Archive | April, 2012

The new model for schools: a five point plan

18 Apr

Post by Ezra Roizen

There’s a scene in the new Star Trek where kid Spock is in an individual learning pod with poetry, calculus and whales floating by.  This scene is immediately followed by him swapping blows with a crew of sociopathic Vulcan classmates.  I think these two scenes sum up my concerns about an overly automated education. Sure these Vulcan kids would nail their standardized test, but they’re also sorely lacking in social skills and grace.

Computers can’t do everything, but they can do some things.  But I’m jumping ahead, first let’s frame the problem.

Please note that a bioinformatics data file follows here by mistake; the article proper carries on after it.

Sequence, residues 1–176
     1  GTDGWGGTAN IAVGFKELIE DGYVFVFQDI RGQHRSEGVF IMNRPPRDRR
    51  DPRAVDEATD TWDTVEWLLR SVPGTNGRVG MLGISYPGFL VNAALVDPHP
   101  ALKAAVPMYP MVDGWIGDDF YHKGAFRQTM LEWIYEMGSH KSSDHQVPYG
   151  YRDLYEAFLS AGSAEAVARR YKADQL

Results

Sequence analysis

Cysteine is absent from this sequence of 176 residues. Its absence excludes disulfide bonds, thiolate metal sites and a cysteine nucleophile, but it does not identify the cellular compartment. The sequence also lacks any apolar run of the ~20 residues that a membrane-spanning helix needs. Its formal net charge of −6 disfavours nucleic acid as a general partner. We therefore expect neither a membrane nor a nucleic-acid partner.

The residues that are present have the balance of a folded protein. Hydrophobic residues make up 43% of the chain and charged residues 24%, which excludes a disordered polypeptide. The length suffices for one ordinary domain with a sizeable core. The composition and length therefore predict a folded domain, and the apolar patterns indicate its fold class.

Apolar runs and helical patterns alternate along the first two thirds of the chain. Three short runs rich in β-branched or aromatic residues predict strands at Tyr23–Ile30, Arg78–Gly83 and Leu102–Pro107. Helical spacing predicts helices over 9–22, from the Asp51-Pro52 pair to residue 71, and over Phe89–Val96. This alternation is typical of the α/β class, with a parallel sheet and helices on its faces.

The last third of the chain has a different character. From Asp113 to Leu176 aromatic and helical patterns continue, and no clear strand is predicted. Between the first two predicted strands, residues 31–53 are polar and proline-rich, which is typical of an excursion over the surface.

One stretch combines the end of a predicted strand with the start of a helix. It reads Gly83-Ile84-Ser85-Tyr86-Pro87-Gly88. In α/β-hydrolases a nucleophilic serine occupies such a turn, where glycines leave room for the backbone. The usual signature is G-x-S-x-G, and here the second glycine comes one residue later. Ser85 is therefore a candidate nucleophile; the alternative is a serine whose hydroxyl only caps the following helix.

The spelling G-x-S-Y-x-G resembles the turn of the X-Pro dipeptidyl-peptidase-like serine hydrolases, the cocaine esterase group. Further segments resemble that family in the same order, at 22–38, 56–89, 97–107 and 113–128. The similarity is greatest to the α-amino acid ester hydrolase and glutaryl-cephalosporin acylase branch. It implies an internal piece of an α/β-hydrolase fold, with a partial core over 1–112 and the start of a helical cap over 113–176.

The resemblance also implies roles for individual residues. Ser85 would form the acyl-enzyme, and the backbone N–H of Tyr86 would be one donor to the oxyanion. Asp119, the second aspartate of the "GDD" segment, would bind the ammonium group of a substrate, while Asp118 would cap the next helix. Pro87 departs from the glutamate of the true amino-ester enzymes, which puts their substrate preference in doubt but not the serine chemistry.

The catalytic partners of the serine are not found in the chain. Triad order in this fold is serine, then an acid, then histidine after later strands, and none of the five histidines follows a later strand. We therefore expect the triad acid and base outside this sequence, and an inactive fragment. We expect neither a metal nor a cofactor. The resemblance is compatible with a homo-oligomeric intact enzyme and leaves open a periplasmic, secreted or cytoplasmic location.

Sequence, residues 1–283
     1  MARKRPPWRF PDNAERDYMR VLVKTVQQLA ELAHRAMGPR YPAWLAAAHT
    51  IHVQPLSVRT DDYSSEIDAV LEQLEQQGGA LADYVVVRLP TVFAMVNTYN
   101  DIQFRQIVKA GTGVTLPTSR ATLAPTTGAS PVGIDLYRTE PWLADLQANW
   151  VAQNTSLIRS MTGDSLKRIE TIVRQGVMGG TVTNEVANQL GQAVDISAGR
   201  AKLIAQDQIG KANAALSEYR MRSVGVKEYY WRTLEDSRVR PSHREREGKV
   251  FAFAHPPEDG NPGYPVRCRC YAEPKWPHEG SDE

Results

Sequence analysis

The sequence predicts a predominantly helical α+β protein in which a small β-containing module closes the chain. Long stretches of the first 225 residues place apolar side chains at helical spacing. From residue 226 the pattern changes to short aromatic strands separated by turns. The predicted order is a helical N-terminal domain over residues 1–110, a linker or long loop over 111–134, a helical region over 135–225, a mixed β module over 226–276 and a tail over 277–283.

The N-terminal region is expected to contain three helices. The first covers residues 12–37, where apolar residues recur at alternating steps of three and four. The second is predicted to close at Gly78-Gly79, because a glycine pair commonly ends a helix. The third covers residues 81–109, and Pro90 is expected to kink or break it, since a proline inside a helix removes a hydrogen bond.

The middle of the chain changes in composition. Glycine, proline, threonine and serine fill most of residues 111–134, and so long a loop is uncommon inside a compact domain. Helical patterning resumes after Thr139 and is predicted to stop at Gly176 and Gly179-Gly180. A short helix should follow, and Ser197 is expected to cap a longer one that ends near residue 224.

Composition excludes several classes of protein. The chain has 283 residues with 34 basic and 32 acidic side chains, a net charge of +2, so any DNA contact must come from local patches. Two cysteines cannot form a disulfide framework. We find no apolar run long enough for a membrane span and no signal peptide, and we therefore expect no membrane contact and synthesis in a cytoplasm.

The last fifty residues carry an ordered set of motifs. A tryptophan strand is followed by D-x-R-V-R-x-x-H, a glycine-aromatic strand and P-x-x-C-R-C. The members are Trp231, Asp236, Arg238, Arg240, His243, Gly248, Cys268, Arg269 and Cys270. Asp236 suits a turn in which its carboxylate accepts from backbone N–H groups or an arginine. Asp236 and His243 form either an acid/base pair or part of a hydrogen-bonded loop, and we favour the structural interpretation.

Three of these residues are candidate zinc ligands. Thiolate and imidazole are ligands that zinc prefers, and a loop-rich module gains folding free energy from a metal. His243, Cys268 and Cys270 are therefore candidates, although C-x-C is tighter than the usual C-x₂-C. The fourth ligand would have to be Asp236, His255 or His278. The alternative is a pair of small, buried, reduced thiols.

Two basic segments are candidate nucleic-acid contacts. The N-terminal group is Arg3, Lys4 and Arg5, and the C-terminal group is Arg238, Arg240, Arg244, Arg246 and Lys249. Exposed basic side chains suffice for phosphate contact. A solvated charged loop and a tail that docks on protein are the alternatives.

On a comparable basis of education spending / GDP the US is at the top end of developed countries, here’s a clip from the World Bank list:

  • Norway – 6.8% (education spend / GDP)
  • Saudi Arabia – 6.4%
  • France – 5.6%
  • United Kingdom – 5.5%
  • United States – 5.5%
  • Brazil – 5.1%
  • Canada – 4.9%
  • Australia – 4.5%
  • Germany – 4.5%
  • Japan – 3.5%

It’s important to note that the US is much bigger than most of these countries (we spend over $800 billion a year on education, Germany, for example spends closer to $130 billion).  We also have a much more diverse economy than most countries.  If you take the European Union as a whole (I think our closest comparable), in aggregate we’re spending about the same, if anything a bit more as a percentage of GDP (there wasn’t data for China and India).